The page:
This office did not receive a response from WAP indicating that it wished to have any portion of its proposal withheld from the public. This office therefore has no basis for concluding that WAP has a privacy or property interest in this information. Consequently, the department must release the submitted information to the requestor in its entirety.

This letter ruling is limited to the particular records at issue in this request and limited to the facts as presented to us; therefore, this ruling must not be relied upon as a previous determination regarding any other records or any other circumstances.

This ruling triggers important deadlines regarding the rights and responsibilities of the governmental body and of the requestor. For example, governmental bodies are prohibited from asking the attorney general to reconsider this ruling. Gov't Code 552.301(f). If the governmental body wants to challenge this ruling, the governmental body must appeal by filing suit in Travis County within 30 calendar days. Id. 552.324(b). In order to get the full benefit of such an appeal, the governmental body must file suit within 10 calendar days. Id. 552.353(b)(3), (c). If the governmental body does not appeal this ruling and the governmental body does not comply with it, then both the requestor and the attorney general have the right to file suit against the governmental body to enforce this ruling. Id. 552.321(a).

If this ruling requires the governmental body to release all or part of the requested information, the governmental body is responsible for taking the next step. Based on the statute, the attorney general expects that, within 10 calendar days of this ruling, the governmental body will do one of the following three things: 1) release the public records; 2) notify the requestor of the exact day, time, and place that copies of the records will be provided or that the records can be inspected; or 3) notify the requestor of the governmental body's intent to challenge this letter ruling in court. If the governmental body fails to do one of these three things within 10 calendar days of this ruling, then the requestor should report that failure to the attorney general's Open Government Hotline, toll free, at 877/673-6839. The requestor may also file a complaint with the district or county attorney. Id. 552.3215(e).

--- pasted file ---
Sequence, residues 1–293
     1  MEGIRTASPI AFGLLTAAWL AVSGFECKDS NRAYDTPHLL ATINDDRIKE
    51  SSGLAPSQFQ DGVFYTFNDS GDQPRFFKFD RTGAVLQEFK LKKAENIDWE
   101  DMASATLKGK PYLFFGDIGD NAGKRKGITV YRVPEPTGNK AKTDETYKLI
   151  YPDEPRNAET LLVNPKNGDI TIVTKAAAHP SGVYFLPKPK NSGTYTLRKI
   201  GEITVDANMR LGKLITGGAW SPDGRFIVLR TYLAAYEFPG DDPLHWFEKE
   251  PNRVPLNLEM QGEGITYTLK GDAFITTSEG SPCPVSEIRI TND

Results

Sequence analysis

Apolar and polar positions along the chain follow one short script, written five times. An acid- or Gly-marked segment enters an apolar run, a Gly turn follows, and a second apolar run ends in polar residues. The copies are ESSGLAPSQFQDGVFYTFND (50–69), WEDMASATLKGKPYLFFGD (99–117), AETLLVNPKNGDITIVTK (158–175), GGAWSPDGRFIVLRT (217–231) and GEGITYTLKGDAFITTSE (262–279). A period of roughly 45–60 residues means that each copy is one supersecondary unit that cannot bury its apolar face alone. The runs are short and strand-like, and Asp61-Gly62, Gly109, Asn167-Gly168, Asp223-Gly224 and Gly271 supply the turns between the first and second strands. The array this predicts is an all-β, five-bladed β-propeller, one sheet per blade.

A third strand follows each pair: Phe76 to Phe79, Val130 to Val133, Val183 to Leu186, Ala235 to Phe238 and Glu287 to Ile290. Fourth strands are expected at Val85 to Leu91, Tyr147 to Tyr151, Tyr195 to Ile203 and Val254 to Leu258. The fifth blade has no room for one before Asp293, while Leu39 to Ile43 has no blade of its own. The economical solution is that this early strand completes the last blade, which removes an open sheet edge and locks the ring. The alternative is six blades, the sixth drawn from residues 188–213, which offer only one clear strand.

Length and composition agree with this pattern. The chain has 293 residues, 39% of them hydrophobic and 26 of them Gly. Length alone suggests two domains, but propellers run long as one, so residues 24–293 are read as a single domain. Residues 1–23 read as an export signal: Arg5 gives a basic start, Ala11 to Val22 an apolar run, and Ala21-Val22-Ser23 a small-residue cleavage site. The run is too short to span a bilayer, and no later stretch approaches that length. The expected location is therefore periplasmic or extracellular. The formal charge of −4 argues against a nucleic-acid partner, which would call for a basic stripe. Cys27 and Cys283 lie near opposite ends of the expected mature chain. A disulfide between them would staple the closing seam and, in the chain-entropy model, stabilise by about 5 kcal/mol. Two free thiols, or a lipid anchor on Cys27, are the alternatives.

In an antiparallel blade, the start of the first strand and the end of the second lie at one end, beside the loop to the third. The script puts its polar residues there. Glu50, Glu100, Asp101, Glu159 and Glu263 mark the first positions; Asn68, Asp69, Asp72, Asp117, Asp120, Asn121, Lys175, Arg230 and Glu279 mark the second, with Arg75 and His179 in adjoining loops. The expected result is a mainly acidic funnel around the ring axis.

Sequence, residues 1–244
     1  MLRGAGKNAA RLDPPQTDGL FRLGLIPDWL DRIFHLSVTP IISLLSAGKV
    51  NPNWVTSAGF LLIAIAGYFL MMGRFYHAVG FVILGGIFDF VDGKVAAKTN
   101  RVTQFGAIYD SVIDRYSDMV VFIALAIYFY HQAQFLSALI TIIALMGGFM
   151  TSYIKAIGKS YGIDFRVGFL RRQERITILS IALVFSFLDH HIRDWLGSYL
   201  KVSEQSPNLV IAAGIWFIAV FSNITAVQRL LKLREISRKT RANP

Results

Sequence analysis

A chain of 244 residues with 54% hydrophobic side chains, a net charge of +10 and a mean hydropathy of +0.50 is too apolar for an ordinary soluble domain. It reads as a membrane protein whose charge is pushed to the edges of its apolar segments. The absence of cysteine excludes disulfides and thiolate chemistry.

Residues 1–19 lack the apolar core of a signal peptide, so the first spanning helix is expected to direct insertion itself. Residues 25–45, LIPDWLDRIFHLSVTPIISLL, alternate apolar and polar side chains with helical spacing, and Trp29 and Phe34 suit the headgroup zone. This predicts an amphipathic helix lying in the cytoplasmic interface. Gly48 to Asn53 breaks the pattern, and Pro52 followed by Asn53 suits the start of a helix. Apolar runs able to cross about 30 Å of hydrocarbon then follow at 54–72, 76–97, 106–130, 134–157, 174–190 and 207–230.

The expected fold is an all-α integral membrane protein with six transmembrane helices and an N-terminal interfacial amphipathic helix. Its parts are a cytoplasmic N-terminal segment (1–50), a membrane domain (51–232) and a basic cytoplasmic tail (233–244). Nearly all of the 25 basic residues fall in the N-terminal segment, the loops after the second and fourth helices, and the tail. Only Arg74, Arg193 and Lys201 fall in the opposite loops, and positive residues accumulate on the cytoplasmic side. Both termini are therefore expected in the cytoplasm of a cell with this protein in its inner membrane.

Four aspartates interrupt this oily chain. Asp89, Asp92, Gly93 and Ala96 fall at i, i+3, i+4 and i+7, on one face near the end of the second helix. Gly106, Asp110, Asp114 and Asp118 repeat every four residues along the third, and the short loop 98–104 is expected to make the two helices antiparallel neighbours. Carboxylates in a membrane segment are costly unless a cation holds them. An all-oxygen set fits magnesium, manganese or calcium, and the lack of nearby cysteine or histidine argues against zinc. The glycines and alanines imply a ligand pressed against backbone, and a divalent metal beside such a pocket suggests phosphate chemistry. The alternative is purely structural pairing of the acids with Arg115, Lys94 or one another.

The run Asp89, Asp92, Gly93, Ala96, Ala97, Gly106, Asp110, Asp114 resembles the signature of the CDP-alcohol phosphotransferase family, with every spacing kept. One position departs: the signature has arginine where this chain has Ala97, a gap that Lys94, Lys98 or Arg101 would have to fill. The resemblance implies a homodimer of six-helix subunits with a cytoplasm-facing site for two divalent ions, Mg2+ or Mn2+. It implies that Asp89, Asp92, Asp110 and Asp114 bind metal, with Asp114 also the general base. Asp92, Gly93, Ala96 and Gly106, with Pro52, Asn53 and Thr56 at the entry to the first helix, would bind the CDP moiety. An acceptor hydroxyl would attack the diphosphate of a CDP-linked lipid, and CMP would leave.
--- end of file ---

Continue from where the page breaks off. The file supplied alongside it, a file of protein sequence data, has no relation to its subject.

If this ruling requires or permits the governmental body to withhold all or some of the requested information, the requestor can appeal that decision by suing the governmental body. Id. 552.321(a); Texas Department of Public Safety v. Gilbreath, 842 S.W.2d 408,411 (Tex. App.--Austin 1992, no writ).

Please remember that under the Act the release of information triggers certain procedures for costs and charges to the requestor. If records are released in compliance with this ruling, be sure that all charges for the information are at or below the legal amounts. Questions or complaints about over-charging must be directed to Hadassah Schloss at the Texas Building and Procurement Commission at 512/475-2497.

If the governmental body, the requestor, or any other person has questions or comments about this ruling, they may contact our office. We note that a third party may challenge this ruling by filing suit seeking to withhold information from a requestor. Gov't Code 552.325. Although there is no statutory deadline for contacting us, the attorney general prefers to receive any comments within 10 calendar days of the date of this ruling.


W. Montgomery Meitler
Assistant Attorney General
Open Records Division
Ref: ID# 173549
Enc: Submitted documents

c: Ms. Susan Engi
Deer Oaks EAP Services
7272 Wurzbach Road, Suite 601
San Antonio, Texas 78240
(w/o enclosure)

Workers Assistance Program
Attn: Mr. Terry Cowan
2525 Wallingwood, Building 5
Austin, Texas 78746
(w/o enclosures)